By Bert Gambini
“There is a disconnect between what people appear to like in the abstract when someone is unknown and when that same person is with them in some immediate social context.”
Lora Park, associate professor of psychology
University at Buffalo
BUFFALO, N.Y. — What people believe they want and what they might actually prefer are not always the same thing. And in the case of being outperformed as an element of romantic attraction, the difference between genuine affinity and apparent desirability becomes clearer as the distance between two people gets smaller.
In matters of relative performance, distance influences attraction. For example, someone of greater intelligence seems attractive when they’re distant or far away in your mind. But less so when that same person is right next to you, according to a new study by a University at Buffalo-led research team published in the latest edition of the journal Personality and Social Psychology Bulletin.
“We found that men preferred women who are smarter than them in psychologically distant situations. Men rely on their ideal preferences when a woman is hypothetical or imagined,” said Lora Park, associate professor in the UB Department of Psychology and the study’s principal investigator. “But in live interaction, men distanced themselves and were less attracted to a woman who outperformed them in intelligence.”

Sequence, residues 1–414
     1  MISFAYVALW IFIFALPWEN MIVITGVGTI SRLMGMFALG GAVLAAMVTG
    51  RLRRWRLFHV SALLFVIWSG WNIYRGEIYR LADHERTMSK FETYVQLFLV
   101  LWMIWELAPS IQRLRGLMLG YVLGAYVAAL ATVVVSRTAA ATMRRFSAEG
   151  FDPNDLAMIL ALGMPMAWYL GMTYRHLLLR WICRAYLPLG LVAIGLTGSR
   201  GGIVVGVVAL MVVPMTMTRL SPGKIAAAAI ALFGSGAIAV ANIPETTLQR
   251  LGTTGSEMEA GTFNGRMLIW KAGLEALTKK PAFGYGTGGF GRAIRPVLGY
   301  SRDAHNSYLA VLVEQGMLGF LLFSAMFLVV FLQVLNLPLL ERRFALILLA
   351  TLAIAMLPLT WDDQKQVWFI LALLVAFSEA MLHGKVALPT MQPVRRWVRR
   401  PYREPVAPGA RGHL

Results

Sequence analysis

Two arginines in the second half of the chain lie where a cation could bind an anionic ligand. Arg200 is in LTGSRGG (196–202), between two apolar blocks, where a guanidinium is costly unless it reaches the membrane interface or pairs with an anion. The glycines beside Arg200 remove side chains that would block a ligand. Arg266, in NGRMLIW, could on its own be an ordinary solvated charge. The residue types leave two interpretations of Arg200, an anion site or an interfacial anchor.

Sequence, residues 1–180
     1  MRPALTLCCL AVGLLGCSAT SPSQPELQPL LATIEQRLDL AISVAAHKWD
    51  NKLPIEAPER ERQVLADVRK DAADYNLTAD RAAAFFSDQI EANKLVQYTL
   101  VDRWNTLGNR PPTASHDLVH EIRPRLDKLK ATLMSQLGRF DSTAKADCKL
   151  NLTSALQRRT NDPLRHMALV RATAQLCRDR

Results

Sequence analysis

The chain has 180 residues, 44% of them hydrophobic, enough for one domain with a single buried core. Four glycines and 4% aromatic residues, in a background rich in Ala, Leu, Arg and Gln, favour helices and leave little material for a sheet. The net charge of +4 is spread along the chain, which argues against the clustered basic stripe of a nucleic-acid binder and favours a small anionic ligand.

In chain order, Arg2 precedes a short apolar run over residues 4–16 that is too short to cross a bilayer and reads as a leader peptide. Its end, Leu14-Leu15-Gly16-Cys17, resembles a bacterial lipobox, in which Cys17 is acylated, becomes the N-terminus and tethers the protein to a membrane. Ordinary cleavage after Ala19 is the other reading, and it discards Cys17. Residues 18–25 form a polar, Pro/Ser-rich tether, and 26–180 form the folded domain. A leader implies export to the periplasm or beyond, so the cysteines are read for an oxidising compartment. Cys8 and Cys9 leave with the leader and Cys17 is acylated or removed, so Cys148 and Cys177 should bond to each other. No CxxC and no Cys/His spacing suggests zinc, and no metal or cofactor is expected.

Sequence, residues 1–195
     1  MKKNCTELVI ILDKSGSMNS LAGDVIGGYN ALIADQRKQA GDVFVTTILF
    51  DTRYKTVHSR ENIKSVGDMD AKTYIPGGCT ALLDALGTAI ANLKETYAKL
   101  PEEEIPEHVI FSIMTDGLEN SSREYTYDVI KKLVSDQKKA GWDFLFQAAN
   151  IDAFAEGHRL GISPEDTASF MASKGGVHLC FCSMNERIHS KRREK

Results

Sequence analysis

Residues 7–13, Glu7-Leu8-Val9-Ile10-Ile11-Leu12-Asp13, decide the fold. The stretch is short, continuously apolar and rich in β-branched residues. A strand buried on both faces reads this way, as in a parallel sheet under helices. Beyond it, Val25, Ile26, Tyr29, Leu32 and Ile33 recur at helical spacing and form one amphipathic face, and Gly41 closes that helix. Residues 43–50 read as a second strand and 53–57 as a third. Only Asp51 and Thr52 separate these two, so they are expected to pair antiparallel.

Previous research has shown that similarities between individuals can affect attraction. This new set of studies suggests that psychological distance — whether someone is construed as being near or far in relation to the self — plays a key role in determining attraction.
“It’s the distinction between the abstract and the immediate,” says Park. “There is a disconnect between what people appear to like in the abstract when someone is unknown and when that same person is with them in some immediate social context.”
Even though the research focus of the current study was on romantic attraction and, specifically, men’s interest in women, Park says the result might potentially be a broader phenomenon, extending to other interpersonal situations.
“That’s a question for future research,” she said. “But presumably, anyone who is outperformed by someone close to them might feel threatened themselves. We just happened to look at men in a romantic dating context.”
Park’s team conducted six separate studies involving 650 young adult subjects. The studies ranged from presenting subjects with hypothetical women, to women they expected to meet, to actually engaging in an interpersonal interaction.
“In each case, how much you like someone or how much you are attracted to them is affected by how intelligent that person is relative to you and how close that person is relative to you,” said Park.
But the area of performance has to be something important to the individual.
“The domain matters,” says Park. “If you don’t care about the domain, you might not be threatened. Yet, if you care a lot about the domain, then you might prefer that quality in somebody who is distant, then feel threatened when that person gets close to you.”
Media Contact Information
News Content Manager
Economics, Media Study and Psychology